Corvette tuners have a long history of building low-production supercars. These come in a variety of levels of sophistication that range from the truly sublime to the just plain awful. While creating a Corvette with sociopathic power levels is not an ordeal, building one for reliable everyday use takes great skill. GM turned the tuning world on its head with the 638hp Corvette ZR1, a bona fide supercar with OEM fit-and-finish. The new King of the Hill challenged all comers, and STS Turbo accepted.

Rick Squires, the founder and VP of research and development at STS, had been considering building a limited-edition STS car for a few years, and the hype surrounding the introduction of the ZR1 finally motivated him to do so. The highly touted ZR1 offered an opportunity to demonstrate the benefits of his company's turbo kits as compared with a supercharged setup. The result is the STS ZR7 Corvette, a supercar of the highest order, boasting wild looks and extreme performance without sacrificing the daily driveability inherent to the stock C6.

The first ZR7 was assembled for Squires using his personal '08 Vette, after being conceived as a prototype to display on the car-show circuit. "Our quest was to build a 'green' supercar for the 2008 SEMA show that was capable of race-worthy performance yet mild-mannered enough for the street, with economy-car fuel mileage and ultra-low emissions," he explains. Crews at Kindigit Design and STS Turbo thrashed around the clock to have the ZR7 ready for SEMA in a mere seven days (see sidebar).

Rather than building a one-off show car just to prove a point, STS wanted to build a handful of ZR7 Corvettes to lure potential ZR1 buyers. A planned a production run of 50 cars will implement STS' proven rear-turbo technology to produce immense horsepower and torque and confer a top speed in excess of 200 mph. The ZR7 name is more than an arbitrary spin on the ZR1 moniker, as Squires explains: "'Z' is for the performance history of the many great 'Z-badged' GM vehicles. 'R' for the race-proven suspension setup and power delivery, and '7' is for the car's 700-plus hp."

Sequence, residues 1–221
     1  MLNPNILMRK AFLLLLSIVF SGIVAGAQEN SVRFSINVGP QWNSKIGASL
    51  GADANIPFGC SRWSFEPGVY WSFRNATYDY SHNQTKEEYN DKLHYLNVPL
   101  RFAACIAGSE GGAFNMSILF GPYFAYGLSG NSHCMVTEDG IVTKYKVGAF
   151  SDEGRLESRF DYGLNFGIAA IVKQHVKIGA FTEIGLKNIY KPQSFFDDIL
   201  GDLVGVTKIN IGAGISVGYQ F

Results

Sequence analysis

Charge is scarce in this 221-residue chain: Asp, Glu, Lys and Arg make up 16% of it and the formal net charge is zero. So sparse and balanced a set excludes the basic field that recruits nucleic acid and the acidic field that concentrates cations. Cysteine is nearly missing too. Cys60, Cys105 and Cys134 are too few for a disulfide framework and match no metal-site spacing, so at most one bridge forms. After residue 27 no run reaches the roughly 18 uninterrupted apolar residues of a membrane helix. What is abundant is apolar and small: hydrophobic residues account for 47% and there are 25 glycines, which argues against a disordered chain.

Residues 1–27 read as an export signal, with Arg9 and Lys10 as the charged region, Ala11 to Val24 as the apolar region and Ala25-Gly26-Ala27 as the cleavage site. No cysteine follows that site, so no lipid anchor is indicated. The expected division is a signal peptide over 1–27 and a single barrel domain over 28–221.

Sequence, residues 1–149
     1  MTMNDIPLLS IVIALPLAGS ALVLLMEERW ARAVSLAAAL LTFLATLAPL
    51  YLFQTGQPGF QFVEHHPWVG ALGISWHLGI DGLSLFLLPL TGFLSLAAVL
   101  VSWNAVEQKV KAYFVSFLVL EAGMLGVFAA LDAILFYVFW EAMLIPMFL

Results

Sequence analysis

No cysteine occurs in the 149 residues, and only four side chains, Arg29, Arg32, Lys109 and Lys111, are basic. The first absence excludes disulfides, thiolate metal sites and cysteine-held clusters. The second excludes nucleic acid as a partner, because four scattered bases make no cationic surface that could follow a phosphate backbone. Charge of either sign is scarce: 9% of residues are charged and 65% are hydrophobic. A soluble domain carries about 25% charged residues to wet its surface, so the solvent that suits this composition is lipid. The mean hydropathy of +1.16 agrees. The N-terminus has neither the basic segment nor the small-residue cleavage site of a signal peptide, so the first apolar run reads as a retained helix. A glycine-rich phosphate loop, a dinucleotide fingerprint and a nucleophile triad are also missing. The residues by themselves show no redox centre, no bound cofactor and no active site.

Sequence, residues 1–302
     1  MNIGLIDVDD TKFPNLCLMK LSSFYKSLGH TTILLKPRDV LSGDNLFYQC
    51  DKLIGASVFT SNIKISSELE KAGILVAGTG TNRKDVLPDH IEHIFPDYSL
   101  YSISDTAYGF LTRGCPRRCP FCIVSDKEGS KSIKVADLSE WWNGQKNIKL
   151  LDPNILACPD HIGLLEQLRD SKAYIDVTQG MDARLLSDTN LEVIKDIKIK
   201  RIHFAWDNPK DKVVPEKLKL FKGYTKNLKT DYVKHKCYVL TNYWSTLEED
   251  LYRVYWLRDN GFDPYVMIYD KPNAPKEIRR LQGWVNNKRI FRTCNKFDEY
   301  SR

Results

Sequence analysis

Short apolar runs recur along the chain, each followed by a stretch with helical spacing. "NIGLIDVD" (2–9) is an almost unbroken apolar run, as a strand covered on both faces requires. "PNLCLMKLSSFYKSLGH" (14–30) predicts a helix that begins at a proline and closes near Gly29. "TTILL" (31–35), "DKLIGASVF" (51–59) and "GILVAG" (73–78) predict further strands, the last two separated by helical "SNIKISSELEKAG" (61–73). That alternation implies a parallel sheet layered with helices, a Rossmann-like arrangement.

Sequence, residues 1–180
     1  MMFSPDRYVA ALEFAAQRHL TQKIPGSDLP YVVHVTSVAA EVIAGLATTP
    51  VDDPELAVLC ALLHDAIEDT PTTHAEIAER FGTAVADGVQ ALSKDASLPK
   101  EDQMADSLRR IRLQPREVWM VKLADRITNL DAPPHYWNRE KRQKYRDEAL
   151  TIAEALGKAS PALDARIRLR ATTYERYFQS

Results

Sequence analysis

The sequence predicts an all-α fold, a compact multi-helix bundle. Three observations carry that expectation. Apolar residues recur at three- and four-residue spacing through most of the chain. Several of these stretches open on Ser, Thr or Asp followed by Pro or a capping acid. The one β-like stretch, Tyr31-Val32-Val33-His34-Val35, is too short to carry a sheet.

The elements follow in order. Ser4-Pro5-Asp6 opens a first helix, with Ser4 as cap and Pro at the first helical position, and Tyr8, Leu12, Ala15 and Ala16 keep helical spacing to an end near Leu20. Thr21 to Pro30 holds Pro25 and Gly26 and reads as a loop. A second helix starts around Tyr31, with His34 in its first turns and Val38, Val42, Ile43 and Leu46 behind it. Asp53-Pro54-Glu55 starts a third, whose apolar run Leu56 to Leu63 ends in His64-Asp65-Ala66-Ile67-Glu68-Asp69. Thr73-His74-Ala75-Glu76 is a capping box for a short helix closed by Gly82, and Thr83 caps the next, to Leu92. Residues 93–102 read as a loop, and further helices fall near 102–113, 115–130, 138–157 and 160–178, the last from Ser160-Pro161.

Beneath the vented hood is an LS3 engine whose largely stock appearance belies the awesome power of the ZR7. Cometic head gaskets are used to lower the compression to 10.1:1 in order to reduce the risk of detonation and guarantee reliability. Factory cylinder heads have been bolstered with Comp Cams 918 valvesprings, titanium retainers, and pushrods. Most of the stock exhaust system is retained, including the catalytic converters, with the turbochargers filling in for the factory mufflers. A ceramic coating is applied to the exhaust manifolds to reduce underhood temperatures.

STS employs one of its remote-mount twin-turbo kits to produce the enormous power gains. A pair of 59mm ball-bearing STS turbochargers sit in the location of the factory mufflers. These are fed cold air by twin 9-inch conical air intakes mounted inside the rear fascia, just behind the taillights. Boost is held to a maximum of 8.5 psi using dual STS 38mm wastegates. An STS 50mm blow-off valve sounds off with each gear change, and four polished stainless tips allow exhaust to escape directly from the turbos' exhaust housings. Despite the relatively long distance from the engine, STS kits are painstakingly designed to deliver excellent boost response and maintain constant oil pressure to the turbos.

While the rear-mounted snails are the stars of the show, they're backed by an impressive supporting cast to achieve optimal performance. This includes a large dual-feed front-mount intercooler that reduces the intake-charge temperature to near ambient. The engine's increased fuelling demands are met with FAST 65-lb/hr injectors, and an Active aluminum radiator is implemented to enhance the cooling system.